Factor(unit)Egger’s linear regression
Intercept a)p-value b)
Body fat(%)14.17190.3649
Epididymal fat(g/100g)-1.58640.0756
Fat cell size(μm)1.52840.5107
Final body weight(g)-0.04710.9677
Food intake(g/d)-0.13820.7718
Weight gain(g/d)3.14440.5980
a) The data were expressed the intercept of Egger’s linear regression about factors.
b) The expressed p-values were for testing that the estimated intercept is not significantly different with 0. If the p-value is less than 0.05, the combined MD in Table 1 possibly exist the publication bias, and the additional analysis is required.

Table 3.

Estimated intercepts and p-values of Egger’s linear regression test.

3.2. Publication bias

To check the publication of the funnel plot expressed in Table 4, 5, 6. The funnel plots of fat cell size, food intake, leptine and plasma-TG were checked in the fixed effect model due to the homogeneity. The dots of fat cell size and the dots of leptine were not symmetric by combined MD (solid line), so the publication biases were doubtable. The dots of factors in the random effect model were symmetric by solid line, thus the publication bias were ignorable. Since the intercepts of Egger’s linear regression by factors in Table 3 were not significant (p-value >0.05), the funnel plot on each factor was symmetric and the publication bias was ignorable.

FactorFixed effect modelRandom effect model
Body fat
Fat cell size
Final body

Table 4.

Funnel plot: In fixed effect model and random effect model.

FactorFixed effect modelRandom effect model
Food intake

Table 5.

Funnel plot: In fixed effect model and random effect model (Continuation).

FactorFixed effect modelRandom effect model
Weight gain

Table 6.

Funnel plot: In fixed effect model and random effect model (Continuation).

4. Discussion

4.1. The effects of CLA on the fat depositions

The factors related with fat deposition were body fat and epididymal fat, and our study showed that CLA supplement did not affect the fat deposition. The results of studies on body fat and epididymal fat were significantly heterogeneous. In fixed effect model, body fat was significantly affected by CLA. Under the heterogeneity of studies on body fat, the effect of CLA was not significant in random effect model. We could not check the condition of energy expenditure, and that was one of reasons for explaining about heterogeneity.

4.2. The effects of CLA on the weights of body

The results of studies done on the final body weight and weight gain were very heterogeneous (p-value < 0.001), and the result of efficiency test of CLA in fixed effect model differed from one in random effect model. This situation happened due to extreme one of combined results. The extremely negative MD had a small standard error, so the high influence of them on combination made significantly negative value in fixed effect model but not in random effect model. After omitting the extreme value in analysis, the homogeneities results on final body weight and weight gain were accepted (p-value >0.05), and the effects of CLA on them were not significant.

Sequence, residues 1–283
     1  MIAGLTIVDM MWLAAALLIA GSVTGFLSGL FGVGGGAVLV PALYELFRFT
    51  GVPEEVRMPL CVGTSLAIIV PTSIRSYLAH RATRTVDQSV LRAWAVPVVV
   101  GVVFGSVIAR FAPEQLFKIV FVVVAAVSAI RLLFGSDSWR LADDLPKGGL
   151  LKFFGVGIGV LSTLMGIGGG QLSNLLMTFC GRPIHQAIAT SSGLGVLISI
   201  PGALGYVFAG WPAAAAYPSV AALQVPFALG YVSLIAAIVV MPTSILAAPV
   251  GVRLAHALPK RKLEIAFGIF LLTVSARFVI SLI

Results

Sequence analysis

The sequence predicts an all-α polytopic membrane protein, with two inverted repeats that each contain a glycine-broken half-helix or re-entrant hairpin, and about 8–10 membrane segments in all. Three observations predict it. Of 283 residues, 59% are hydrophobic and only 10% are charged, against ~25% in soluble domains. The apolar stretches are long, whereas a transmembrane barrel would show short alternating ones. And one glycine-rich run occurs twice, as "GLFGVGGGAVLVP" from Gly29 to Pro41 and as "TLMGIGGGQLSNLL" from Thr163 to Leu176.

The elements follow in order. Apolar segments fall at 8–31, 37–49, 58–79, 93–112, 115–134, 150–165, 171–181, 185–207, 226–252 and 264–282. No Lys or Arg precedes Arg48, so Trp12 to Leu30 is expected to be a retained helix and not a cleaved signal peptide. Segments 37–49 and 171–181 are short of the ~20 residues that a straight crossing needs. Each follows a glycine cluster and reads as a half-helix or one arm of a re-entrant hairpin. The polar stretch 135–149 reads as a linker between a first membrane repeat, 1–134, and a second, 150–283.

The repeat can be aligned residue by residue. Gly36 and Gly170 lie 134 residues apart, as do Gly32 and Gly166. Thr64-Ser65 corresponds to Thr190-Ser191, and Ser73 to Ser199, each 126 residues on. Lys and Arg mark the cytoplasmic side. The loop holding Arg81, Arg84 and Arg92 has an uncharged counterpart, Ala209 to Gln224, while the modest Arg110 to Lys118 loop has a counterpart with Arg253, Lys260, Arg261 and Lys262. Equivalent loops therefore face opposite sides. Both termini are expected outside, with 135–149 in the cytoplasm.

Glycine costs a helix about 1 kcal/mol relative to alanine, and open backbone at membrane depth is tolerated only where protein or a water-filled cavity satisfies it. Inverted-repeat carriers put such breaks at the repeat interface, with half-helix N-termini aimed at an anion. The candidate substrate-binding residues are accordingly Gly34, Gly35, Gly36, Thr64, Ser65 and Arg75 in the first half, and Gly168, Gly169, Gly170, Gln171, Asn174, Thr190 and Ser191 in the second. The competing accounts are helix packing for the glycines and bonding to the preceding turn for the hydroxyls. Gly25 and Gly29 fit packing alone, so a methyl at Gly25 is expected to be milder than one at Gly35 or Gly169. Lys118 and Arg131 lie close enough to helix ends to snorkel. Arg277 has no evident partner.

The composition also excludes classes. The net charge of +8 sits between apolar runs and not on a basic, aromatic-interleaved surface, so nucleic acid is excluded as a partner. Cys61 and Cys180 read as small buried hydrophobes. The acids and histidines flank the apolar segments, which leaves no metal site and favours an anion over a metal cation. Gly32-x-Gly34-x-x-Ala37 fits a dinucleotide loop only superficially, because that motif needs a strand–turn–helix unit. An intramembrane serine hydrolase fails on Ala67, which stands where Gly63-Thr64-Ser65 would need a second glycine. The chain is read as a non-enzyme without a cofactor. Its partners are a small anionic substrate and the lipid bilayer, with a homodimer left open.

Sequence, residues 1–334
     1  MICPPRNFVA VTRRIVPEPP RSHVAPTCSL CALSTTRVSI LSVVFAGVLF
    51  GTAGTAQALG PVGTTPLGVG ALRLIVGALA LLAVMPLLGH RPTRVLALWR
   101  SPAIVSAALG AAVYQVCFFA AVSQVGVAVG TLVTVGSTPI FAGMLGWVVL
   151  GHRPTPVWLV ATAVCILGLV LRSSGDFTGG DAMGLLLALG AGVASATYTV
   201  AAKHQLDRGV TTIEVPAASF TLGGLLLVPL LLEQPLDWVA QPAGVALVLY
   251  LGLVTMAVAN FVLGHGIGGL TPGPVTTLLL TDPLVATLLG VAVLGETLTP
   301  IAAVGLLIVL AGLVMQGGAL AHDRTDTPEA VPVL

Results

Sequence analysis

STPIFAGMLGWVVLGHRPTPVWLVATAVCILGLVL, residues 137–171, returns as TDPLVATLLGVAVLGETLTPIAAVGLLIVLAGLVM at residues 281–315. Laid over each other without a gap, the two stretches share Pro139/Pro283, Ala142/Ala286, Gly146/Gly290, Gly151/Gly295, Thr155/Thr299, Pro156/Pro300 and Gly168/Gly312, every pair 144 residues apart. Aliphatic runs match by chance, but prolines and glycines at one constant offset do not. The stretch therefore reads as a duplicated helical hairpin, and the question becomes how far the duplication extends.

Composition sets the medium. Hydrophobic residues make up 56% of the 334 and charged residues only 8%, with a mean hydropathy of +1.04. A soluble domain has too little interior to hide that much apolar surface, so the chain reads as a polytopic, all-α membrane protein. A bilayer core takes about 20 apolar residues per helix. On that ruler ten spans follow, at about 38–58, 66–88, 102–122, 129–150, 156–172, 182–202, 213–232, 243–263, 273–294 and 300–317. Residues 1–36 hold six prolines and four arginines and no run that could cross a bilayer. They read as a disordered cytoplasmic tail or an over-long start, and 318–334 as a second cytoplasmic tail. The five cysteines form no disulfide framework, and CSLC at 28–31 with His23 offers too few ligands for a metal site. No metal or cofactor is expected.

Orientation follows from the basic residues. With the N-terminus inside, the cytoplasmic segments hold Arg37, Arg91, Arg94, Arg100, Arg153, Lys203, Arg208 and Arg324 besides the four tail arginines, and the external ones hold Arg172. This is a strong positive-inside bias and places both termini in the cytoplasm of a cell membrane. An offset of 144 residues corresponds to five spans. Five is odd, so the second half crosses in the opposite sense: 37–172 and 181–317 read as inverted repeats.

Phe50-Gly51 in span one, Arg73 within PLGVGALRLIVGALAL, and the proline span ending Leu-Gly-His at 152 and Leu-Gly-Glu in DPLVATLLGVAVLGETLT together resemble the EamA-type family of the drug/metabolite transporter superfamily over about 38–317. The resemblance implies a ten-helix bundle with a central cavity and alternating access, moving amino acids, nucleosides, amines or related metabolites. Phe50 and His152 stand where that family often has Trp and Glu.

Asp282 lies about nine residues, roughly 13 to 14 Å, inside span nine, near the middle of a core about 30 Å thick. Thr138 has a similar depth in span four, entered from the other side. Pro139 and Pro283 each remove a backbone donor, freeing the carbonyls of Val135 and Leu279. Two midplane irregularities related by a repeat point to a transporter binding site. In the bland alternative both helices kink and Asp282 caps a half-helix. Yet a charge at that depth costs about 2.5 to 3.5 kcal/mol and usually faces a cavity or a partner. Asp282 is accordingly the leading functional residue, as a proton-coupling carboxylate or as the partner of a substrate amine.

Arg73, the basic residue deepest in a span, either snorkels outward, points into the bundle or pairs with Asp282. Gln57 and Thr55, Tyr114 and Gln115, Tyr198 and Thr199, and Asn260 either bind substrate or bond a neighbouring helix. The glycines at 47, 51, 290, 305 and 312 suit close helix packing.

4.3. The effects of CLA on the plasma lipid

The level of plasma-TC was significantly decreased in FR than in FRC regardless of the homogeneity of the factors. Only in fixed effect model, the level of plasma-TG was significantly decreased in FR. According to Hwang and Kang, the reduction effect of CLA on plasma-TG was significant in the case rats that ware fed with beef tallow for 1 and 4 weeks and in the case rats that was fed with fish oil only for 4 weeks (20). The anti-obesity effect of CLA was assured like Hwang and Kang’s study.

5. Conclusion

In this study, the researchers studied about effect of CLA on factors, such as body fat (%), epididymal fat (g/100g), fat cell size (μm), final body weight (g), food intake (g/d), leptin (pg/ml), liver-TC (mg/g), liver-TG (mg/g), plasma-TC (mg/dl), plasma-TG (mg/dl), and weight gain (g/d). The CLA supplement was significantly effective on reduction of body fat (%), final body weight (g), liver-TC (mg/g), plasma-TC (mg/dl), plasma-TG (mg/dl), and weight gain (g/d) with homogeneity assumption between studies. However, only plasma-TG was significantly decreased with the random effect model on heterogeneity factors. Further study should focus on what the effect of CLA depend on fat source.


This work was supported by Priority Research Centers Program through the National Research Foundation of Korea (NRF) funded by the Ministry of Education, Science and Technology(2010-0029692).

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Sejeong Kook and Kiheon Choi (March 14th 2012). The Effect of CLA on Obesity of Rats:Meta-Analysis, Biotechnology - Molecular Studies and Novel Applications for Improved Quality of Human Life, Reda Helmy Sammour, IntechOpen, DOI: 10.5772/27993. Available from: